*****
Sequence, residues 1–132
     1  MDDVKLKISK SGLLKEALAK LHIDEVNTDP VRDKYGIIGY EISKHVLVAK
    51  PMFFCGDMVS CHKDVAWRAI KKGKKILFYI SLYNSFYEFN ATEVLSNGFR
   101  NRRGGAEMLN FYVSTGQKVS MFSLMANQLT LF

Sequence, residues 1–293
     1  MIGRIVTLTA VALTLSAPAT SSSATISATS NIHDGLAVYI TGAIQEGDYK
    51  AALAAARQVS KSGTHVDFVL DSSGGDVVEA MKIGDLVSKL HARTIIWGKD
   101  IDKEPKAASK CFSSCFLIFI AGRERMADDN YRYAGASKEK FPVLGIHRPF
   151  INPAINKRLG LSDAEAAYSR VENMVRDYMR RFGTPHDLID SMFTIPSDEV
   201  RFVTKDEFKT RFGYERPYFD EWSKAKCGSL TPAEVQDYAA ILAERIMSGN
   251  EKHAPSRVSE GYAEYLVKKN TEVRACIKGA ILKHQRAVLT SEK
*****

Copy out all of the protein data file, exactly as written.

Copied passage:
Sequence, residues 1–132
     1  MDDVKLKISK SGLLKEALAK LHIDEVNTDP VRDKYGIIGY EISKHVLVAK
    51  PMFFCGDMVS CHKDVAWRAI KKGKKILFYI SLYNSFYEFN ATEVLSNGFR
   101  NRRGGAEMLN FYVSTGQKVS MFSLMANQLT LF

Sequence, residues 1–293
     1  MIGRIVTLTA VALTLSAPAT SSSATISATS NIHDGLAVYI TGAIQEGDYK
    51  AALAAARQVS KSGTHVDFVL DSSGGDVVEA MKIGDLVSKL HARTIIWGKD
   101  IDKEPKAASK CFSSCFLIFI AGRERMADDN YRYAGASKEK FPVLGIHRPF
   151  INPAINKRLG LSDAEAAYSR VENMVRDYMR RFGTPHDLID SMFTIPSDEV
   201  RFVTKDEFKT RFGYERPYFD EWSKAKCGSL TPAEVQDYAA ILAERIMSGN
   251  EKHAPSRVSE GYAEYLVKKN TEVRACIKGA ILKHQRAVLT SEK